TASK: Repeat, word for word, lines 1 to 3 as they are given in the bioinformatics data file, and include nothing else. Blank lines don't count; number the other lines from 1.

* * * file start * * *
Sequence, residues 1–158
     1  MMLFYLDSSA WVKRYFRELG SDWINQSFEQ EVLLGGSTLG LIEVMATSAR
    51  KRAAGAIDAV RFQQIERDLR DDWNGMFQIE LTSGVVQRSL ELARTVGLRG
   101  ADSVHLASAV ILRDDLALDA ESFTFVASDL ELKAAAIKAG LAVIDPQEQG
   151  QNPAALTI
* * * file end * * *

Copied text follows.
Sequence, residues 1–158
     1  MMLFYLDSSA WVKRYFRELG SDWINQSFEQ EVLLGGSTLG LIEVMATSAR
    51  KRAAGAIDAV RFQQIERDLR DDWNGMFQIE LTSGVVQRSL ELARTVGLRG